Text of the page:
Kidneys and crime (and rabbis)

Postrel and Kleiman, together again.

My dialogue with Virginia Postrel, mostly about kidney transplants and crime (and partly about crime involving kidney transplants) is now up on Bloggingheads. Virginia has a right to talk, having donated a kidney to our friend Sally Satel.

One of the commenters:

I wanna know if Mark will donate his righteous beard.

It’s a hard question: I look really terrible bare-faced. But yes, I suppose if my brother needed a beard transplant to survive, I’d probably donate.

Fortunately, I don’t have a brother, so the question is unlikely to arise.

Author: Mark Kleiman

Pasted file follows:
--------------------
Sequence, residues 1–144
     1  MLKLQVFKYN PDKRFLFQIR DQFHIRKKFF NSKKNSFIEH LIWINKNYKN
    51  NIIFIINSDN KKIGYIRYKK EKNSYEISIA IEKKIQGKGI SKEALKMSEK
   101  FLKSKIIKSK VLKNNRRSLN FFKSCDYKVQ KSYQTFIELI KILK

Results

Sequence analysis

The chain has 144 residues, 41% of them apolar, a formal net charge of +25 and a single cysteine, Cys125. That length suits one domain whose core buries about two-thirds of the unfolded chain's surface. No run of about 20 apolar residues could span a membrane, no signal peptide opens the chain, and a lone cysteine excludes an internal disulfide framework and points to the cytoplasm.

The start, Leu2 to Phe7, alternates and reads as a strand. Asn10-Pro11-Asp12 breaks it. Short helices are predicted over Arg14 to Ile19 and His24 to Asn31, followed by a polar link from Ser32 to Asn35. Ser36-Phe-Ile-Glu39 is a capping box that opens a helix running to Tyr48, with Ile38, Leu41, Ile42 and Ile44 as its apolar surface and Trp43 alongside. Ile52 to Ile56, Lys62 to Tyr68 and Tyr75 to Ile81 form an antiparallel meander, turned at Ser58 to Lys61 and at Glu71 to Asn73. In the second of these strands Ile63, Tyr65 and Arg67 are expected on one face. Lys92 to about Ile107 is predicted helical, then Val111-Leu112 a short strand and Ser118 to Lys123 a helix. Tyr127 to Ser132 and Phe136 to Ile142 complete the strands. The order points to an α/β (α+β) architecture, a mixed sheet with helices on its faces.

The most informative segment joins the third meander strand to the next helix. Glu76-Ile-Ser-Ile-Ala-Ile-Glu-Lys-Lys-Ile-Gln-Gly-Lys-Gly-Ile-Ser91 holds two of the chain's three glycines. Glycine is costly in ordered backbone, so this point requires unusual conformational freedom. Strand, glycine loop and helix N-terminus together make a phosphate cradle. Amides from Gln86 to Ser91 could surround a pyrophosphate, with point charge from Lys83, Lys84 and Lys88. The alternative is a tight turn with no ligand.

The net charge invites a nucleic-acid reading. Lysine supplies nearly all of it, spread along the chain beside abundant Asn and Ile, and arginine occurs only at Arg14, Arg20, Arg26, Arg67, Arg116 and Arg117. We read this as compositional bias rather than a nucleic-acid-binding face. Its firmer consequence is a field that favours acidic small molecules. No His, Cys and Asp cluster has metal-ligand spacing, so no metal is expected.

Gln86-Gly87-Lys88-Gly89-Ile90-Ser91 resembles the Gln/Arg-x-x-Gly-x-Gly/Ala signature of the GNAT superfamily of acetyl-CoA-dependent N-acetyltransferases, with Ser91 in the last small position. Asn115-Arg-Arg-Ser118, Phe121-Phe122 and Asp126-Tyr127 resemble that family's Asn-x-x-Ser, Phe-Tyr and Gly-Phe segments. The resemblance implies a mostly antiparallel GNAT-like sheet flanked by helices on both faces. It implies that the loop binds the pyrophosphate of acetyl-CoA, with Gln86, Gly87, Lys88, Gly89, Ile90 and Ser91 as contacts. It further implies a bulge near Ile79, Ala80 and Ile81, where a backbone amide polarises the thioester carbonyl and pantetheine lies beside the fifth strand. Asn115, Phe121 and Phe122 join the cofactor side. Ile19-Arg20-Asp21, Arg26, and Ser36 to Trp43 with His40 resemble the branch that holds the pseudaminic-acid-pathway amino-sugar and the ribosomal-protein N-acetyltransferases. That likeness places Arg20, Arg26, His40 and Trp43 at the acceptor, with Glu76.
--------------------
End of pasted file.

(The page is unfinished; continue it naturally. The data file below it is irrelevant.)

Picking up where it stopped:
Professor of Public Policy at the NYU Marron Institute for Urban Management and editor of the Journal of Drug Policy Analysis. Teaches about the methods of policy analysis about drug abuse control and crime control policy, working out the implications of two principles: that swift and certain sanctions don't have to be severe to be effective, and that well-designed threats usually don't have to be carried out. Books: Drugs and Drug Policy: What Everyone Needs to Know (with Jonathan Caulkins and Angela Hawken) When Brute Force Fails: How to Have Less Crime and Less Punishment (Princeton, 2009; named one of the "books of the year" by The Economist Against Excess: Drug Policy for Results (Basic, 1993) Marijuana: Costs of Abuse, Costs of Control (Greenwood, 1989) UCLA Homepage Curriculum Vitae Contact: